Obama rolls out health care plan, moves to block rate hikes

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As insurers fearful of health care reform announce massive pre-emptive rate hikes the Obama administration proposed today to give the government the power to block the increases. The plan was unveiled as the administration used the Internet to roll out comprehensive legislation to overhaul the nation's health care system.

The president's plan attempts to bridge the difference between House and Senate bills. Like the Senate and House bills, it ends insurers'ability to deny coverage to those with pre-existing conditions, it sets up more regulations on the private insurance market, it establishes insurance exchanges where consumers can compare prices and benefit packages, it defers the tax on so-called "Cadillac" plans for all workers until 2018, and provides federal subsidies to help people afford insurance. It does not include a public option.

By adding the proposal to give the government power to block rate hikes to the plans adopted in Congress Obama is riding national outrage over recent increases of up to 40 percent by profiteering health insurance companies.

The White House announcement today came just three days before a bi-partisan health care summit called by the president for Thursday.

The Obama plan would require the Secretary of Health and Human Services, working with state regulators, to conduct an annual review of rate increases. If the increases are deemed unjustified, the secretary or the state could block the increase, order the company to adjust it or even issue a rebate to customers for rate increases they have already paid.

The latest moves by the administration left GOP leaders in the politically uncomfortable position of having to defend the right of insurance companies to jack up their rates at will.

The first Republican to take the bait was Kevin Smith, a spokesman for House Minority Leader John A. Boehner, R-Ohio. "At first glance, this seems to be an admission from the Obama administration that their massive government takeover of health care will, despite their promises, increase health care premiums for millions of Americans," he said.

Not one Republican lawmaker has challenged increases now being put through by insurers. The president, in his most recent radio address, slammed Blue Cross in California for its 39 percent rate hike.

Republicans across the board are fearful that Thursday's health care summit will succeed in moving legislation forward and that it will expose their obstructionist role.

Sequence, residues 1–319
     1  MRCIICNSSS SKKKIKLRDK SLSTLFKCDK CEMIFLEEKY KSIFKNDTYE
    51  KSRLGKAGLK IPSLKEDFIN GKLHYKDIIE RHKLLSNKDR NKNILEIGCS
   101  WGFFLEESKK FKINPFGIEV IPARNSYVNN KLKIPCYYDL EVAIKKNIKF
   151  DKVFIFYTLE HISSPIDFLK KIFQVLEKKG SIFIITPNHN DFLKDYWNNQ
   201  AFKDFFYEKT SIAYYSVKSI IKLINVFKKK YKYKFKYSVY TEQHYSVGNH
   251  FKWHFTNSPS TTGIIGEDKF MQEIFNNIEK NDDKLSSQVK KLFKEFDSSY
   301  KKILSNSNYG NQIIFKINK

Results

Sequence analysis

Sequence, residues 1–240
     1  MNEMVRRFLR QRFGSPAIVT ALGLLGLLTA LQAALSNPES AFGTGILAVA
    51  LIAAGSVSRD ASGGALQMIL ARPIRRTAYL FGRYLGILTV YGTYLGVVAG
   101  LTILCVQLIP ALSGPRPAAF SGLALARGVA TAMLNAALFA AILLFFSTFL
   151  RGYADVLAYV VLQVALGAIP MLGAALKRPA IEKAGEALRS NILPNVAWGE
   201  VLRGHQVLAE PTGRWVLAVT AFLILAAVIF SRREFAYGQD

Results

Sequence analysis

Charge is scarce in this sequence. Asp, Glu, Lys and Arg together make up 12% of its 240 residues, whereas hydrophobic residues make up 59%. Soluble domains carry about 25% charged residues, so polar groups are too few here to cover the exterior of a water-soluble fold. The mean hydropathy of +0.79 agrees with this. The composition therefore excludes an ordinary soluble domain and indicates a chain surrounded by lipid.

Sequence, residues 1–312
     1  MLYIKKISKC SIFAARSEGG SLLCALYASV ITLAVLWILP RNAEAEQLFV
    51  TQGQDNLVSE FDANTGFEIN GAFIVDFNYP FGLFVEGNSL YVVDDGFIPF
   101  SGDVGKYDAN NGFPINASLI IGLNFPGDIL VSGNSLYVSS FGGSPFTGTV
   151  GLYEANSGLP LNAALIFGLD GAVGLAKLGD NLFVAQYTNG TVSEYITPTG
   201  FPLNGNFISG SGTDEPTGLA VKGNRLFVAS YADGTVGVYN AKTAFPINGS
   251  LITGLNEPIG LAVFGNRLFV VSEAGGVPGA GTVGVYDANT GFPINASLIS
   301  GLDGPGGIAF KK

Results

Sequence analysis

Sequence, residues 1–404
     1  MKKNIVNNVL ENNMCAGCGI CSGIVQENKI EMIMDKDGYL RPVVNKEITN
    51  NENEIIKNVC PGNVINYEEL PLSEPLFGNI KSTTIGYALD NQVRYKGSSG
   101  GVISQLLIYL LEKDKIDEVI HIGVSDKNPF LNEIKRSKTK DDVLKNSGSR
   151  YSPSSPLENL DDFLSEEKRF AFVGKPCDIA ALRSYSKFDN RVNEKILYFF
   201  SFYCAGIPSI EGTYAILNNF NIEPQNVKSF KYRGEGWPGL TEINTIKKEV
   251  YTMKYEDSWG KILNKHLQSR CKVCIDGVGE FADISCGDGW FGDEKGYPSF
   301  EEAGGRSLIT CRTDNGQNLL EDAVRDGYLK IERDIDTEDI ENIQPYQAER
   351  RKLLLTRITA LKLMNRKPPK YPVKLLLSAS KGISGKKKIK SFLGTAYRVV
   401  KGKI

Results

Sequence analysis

Michael Steele, the GOP chairman, has already attempted to portray the roll-out of the president's plan as a deal breaker for the bi-partisan summit. "It is baldfaced hypocrisy to continue hammering out the latest partisan backroom deal while preparing for a 'bipartisan' summit," he said.

The White House's plan amounts to a basic outline of the final bill which almost all reliable sources now say Democrats will try to pass using reconciliation, a procedural tactic that only requires Democratic votes in the Senate to pass it.

Labor and its allies note that Republicans want Democrats to give up on health care because it will "prove" the majority party is unable to govern. They say Republicans want Thursday's health care summit to fail because if it works the GOP, left without a talking point, will be standing out in the open exposed as the party of "no."

The White House has cleverly urged Republicans to post their bills online. Republican health care proposals, of course, are either non-existent or where there are proposals they fall far short of the Democrats' aim to insure 31 million additional people. The House Republican proposal, for example, would only add 3 million people to the rolls.

Republicans have attacked the White House for having included a "carve out for labor" in its plan. Union leaders won agreement from the president that provisions in the Senate bill that would tax so-called "Cadillac" insurance plans some workers get from employers would be put off and that workers in some high risk jobs would not have these plans taxed at all.

A report issued by the California Endowment and the Institute for America's Future last week shows that claims of favoritism toward union workers are false. The report says that the revisions negotiated by the labor movement would reduce the tax's revenue by $41 billion, of which 71 percent would accrue to nonunion workers.

Photo: AP

 

 

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